(Note: all images are from the movie's official Facebook page)
To partially appropriate that famous quotation Winston Churchill probably didn't say: if you're not smiling during the opening moments of Sam Raimi's Oz the Great and Powerful, you've got no soul. If you're still smiling by the time the movie's over, you've got no discernment.
It shouldn't be that hard to do Oz right onscreen - just hit the books and adapt L. Frank Baum's words as he wrote them. They've been pleasing children forever, and they certainly pleased me a great deal in my own youth. The problem with adapting them cinematically is that you can't simply buy all the rights at once and hold them exclusively - all of the Baum books being in the public domain - so that, for example, if Disney were to announce tomorrow that they're making Ozma of Oz, Universal could turn around the next day and put The Patchwork Girl of Oz into development. That's why you see so many studios, comic-book companies and such more interested in putting their own spin on the story: it gives them elements they can trademark as their own.
Yeah, nice try, but no.
Raimi has been claiming up and down that his new movie is based on the books rather than the MGM movie version of The Wizard of Oz, which is transparent bullshit to anybody who knows what they're talking about, and most likely a verbal dodge he has to make to avoid liability and lawsuits. The look of the Wicked Witch of the West, the Winkies being evil guards with unique outfits rather than farmers dressed in yellow, the Munchkins being little people - these are all MGM creations not found in the book, as is the amalgamation of Glinda and the Good Witch of the North into one character. From Baum we do get the China Country (here punnily called China Town) and the Quadlings, but they're not the Quadlings of the books. Even the lions hidden in the scenery and architecture feel more like tributes to the MGM mascot than Oz's most notable coward
Most significantly, Raimi borrows the more famous movie's biggest innovation - the use of black and white footage for Kansas, and actors double-cast in real world and Oz roles, which makes less sense in a film that never presents itself as a possible dream. It does, however, offer one terrific throwaway, when Michelle Williams, in the role of the Wizard's Kansas lover, tells him she's going to marry John Gale. Williams, as you know, also plays Glinda...and Dorothy's surname is Gale. Note: if that happens to bother you, trust me, it gets more incestuous: this wizard, whose actual name is Oz (short for Oscar Zoroaster), is quite the ladies' man, and the witches are less chaste than you may remember (or than Baum, who avoided romance in the tales because he thought children would hate it, might have liked).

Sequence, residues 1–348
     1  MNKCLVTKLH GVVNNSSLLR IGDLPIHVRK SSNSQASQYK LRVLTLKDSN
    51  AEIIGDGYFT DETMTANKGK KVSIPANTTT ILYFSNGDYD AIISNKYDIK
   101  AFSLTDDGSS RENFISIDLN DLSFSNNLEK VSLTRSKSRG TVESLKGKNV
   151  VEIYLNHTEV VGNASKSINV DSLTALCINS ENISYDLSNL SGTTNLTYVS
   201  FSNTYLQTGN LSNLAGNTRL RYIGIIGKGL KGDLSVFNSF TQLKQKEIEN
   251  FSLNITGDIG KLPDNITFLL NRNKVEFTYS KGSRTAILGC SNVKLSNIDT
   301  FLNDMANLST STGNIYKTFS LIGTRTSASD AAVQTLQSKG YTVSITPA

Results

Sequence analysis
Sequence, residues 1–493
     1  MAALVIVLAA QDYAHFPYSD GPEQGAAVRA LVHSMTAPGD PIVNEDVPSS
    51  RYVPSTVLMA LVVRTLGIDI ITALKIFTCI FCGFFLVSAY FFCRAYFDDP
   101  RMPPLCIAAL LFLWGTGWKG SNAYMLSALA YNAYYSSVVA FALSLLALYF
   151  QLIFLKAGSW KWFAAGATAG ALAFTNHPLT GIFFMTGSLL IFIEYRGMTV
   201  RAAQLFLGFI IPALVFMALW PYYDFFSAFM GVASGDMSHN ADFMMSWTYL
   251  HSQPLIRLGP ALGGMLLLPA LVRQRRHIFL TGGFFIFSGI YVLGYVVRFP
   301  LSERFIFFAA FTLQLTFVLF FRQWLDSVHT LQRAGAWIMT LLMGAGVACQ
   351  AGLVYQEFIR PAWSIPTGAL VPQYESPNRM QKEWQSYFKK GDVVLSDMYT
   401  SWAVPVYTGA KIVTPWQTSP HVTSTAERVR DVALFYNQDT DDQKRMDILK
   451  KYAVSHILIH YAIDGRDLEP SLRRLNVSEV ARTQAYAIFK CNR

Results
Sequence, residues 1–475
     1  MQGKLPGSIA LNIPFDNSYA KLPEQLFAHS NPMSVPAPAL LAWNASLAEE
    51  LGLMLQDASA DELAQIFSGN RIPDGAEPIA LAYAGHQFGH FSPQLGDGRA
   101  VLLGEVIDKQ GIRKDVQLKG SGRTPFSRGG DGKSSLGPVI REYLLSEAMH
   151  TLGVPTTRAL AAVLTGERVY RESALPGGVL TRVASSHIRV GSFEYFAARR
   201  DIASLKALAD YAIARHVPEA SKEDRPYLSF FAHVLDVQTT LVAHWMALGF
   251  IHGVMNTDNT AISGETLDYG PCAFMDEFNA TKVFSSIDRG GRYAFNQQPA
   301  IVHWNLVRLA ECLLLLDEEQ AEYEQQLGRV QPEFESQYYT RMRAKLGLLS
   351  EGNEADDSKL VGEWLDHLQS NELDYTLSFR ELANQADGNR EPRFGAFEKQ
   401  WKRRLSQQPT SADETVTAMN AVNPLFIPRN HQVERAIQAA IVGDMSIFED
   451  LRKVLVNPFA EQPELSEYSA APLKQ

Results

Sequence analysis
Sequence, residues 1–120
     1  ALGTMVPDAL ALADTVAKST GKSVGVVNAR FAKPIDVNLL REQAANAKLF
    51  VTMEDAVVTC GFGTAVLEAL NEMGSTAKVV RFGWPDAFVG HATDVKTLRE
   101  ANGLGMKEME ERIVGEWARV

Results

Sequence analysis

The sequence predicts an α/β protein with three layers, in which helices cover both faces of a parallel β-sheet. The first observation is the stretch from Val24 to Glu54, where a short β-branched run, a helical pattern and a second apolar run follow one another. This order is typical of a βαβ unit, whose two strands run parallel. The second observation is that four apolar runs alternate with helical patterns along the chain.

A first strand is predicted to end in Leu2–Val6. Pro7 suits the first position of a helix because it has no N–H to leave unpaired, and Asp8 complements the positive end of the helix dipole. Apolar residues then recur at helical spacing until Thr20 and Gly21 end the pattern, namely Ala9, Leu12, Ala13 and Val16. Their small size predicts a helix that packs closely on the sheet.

Anyway, be sure not to come in late to the movie, because you'll miss the best part. Using a near 1:1 aspect ratio - a small square in the middle of the screen, which Raimi frequently cheats by having things like fire escape outside the border - things begin with the Disney castle logo on black and white 3D, as our POV actually enters the castle, in which we find ever increasing layers of depth that resemble an infinite version of those old fashioned paper puppet theater playsets. Raimi is nothing if not a showman who likes to use every trick in the book, and he plays with 3D as expertly as he played with my nerves in Drag Me to Hell (and the first Evil Dead way back when). It is inevitable that when a cyclone takes us to the land of Oz, the screen will open up and turn to color, yet the B/W stuff arguably contains the best visuals of the whole thing, especially the slapstick sequence aboard the balloon in which Franco gives his best Bruce Campbell, dodging numerous 3D objects out to kill him.
This is like Raimi's version of Hugo. Oz (James Franco) begins life as a carnival huckster, yet by the time he's done, he's using special effects on a grand scale to inspire and thrill. In that way - no matter what Raimi himself says! - Oz's journey parallels that of cinema itself, from sideshow gimmick to epic storytelling. But there is a key difference - Georges Melies was a magician, but he was one who ultimately wanted to delight the audience, and Martin Scorsese, using the most modern of cinematic magic tricks, did likewise in his telling of the director's tale. Oz, on the other hand, is a huckster who uses the medium to fool people, and sad to say, Raimi feels like one here too, dazzling us with effects to distract us from the con man behind the curtain.
I will say I found the departures from the canon less offensive on a second viewing, though I don't understand why the director, having done his homework on 3D, leaves in several panning shots that move too fast for the brain to register the depth. Minor lapses, but they occur in scenes when the surroundings are meant to be wowing us.